Cholesterol Treatment

What is Cholesterol?

CHOLESTEROL is a term that makes obese people paranoid and is driving health enthusiasts crazy. A high level of cholesterol in the blood leads to depositing of cholesterol in your arteries. This deposition of cholesterol is known as plaque. Plaque narrows down the arteries making it difficult for them to transport oxygen rich blood to the heart. This condition of narrowing of arteries is called atherosclerosis. The condition in turn can result in a heart attack.

But is cholesterol really all that bad? No, not if it exists in an optimum amount in the body. Cholesterol helps in the building of new cells, insulates nerves and even produces hormones. It only starts to get bad when it exists in a higher quantity in the blood stream.

By essence, cholesterol is simply a waxy and fat like substance that is found in most body parts. Cholesterol usually makes its space in cell walls and cell membranes. These cells could be the cells of your heart, brain, muscles, liver, nerves, intestines and even skin. In short, cholesterol exists in almost every part of your body.

Sources of cholesterol

There are two major sources of cholesterol- the liver and the food we eat. The liver is the primary organ that is responsible for producing cholesterol. The amount of cholesterol produced by this organ is sufficient for the body.

Other than liver, the food we consume also makes up for an important source of cholesterol in our body. Foods such as red meat, eggs and poultry have high cholesterol content. It is in one's best interest to avoid fatty and cholesterol rich foods to minimize the chances of high cholesterol levels in the body.

Types of cholesterol

Since cholesterol is a fatty substance, it does not mix with blood, which is watery. It is more like a mixture of oil and water. To travel in the bloodstream, this cholesterol seeks refuge in packages known as lipoproteins. These lipoproteins have fat on the inside and proteins on the outside. Depending upon their basic nature, these lipoproteins are further categorized into two types.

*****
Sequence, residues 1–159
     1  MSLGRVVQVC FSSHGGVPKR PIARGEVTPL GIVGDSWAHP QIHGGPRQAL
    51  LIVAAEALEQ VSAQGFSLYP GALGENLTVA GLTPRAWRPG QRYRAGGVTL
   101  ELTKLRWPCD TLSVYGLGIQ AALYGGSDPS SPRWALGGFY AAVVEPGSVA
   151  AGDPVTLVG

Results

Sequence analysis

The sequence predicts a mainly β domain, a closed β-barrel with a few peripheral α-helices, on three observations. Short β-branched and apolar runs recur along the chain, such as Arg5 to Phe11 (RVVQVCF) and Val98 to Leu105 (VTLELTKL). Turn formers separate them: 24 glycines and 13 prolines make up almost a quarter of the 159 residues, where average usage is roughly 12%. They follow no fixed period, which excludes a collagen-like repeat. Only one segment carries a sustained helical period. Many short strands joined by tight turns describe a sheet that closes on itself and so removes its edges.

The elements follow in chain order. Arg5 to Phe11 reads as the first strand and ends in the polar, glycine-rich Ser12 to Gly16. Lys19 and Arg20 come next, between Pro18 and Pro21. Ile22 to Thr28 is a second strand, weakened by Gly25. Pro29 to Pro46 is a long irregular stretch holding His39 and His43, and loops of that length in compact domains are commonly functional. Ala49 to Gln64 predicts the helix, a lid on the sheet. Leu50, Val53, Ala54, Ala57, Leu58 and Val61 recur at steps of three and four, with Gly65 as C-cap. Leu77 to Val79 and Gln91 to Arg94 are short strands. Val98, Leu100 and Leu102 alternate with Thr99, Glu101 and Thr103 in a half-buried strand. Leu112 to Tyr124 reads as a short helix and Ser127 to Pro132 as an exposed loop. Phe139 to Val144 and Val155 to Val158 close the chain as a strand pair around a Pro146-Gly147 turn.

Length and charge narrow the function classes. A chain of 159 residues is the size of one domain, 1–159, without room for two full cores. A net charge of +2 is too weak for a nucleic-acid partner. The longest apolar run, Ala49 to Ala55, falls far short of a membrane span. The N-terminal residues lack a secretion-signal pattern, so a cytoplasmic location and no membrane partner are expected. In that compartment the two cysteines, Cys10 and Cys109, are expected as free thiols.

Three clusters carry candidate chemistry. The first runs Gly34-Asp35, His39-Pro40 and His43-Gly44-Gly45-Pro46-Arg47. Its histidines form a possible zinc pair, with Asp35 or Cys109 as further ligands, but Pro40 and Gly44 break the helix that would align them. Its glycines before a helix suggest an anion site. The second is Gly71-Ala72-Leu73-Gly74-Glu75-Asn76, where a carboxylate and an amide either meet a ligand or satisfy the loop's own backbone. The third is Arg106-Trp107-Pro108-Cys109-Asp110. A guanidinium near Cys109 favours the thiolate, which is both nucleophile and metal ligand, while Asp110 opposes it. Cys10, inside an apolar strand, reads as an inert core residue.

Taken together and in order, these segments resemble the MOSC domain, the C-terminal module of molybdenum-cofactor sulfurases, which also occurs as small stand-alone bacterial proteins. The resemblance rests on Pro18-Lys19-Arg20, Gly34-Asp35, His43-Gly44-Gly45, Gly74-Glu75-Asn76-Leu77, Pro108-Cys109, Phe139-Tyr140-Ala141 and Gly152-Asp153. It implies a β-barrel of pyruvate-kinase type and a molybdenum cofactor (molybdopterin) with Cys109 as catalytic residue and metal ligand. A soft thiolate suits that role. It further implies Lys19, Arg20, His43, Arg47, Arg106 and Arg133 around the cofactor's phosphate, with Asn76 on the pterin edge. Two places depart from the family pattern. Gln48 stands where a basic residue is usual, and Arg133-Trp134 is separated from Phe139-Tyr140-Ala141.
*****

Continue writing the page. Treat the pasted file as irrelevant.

Low Density Lipoproteins or LDL

LDL, also known as bad cholesterol is responsible for depositing excess cholesterol in the linings of your arteries. Higher the number of LDL in your body, the more prone you are to heart attacks.  Thus, it becomes important that you be vigilant about your LDL count.

Lp(a) Cholesterol

The genetic variation of LDL cholesterol is called Lp(a). A high level of Lp(a) is thus as bad as high level of LDL, the bad cholesterol. Its high levels refer to early deposition of fatty substances in arteries. Thus Lp(a) contributes to the building of fatty deposits in the arteries.

High Density Lipoproteins or HDL

HDL is the good cholesterol for your body. HDL removes all the excess cholesterol present in your blood. High density lipoproteins transport cholesterol from other parts of the body to the liver where it finally gets eradicated from your body. A high HDL count makes you less susceptible to heart attacks. Similarly low HDL makes you susceptible to heart diseases.


Triglycerides may not be a kind of cholesterol but is closely associated with cholesterol. These Triglycerides travel through the blood stream via particles known as very low density lipoproteins or VLDLs. They are known to be an important cause of coronary attack in women, obese and diabetic people. So, it is very important to keep Triglycerides count in check.

How to keep cholesterol under control?

* Eat Right. Pick foods low in cholesterol, saturated fats and trans fats.
* Fight obesity. Maintain healthy weight.
* Exercise. Be physically active.
* Keep regular checks. Get cholesterol tests done.
* Be regular with medicines. Follow doctor's advice.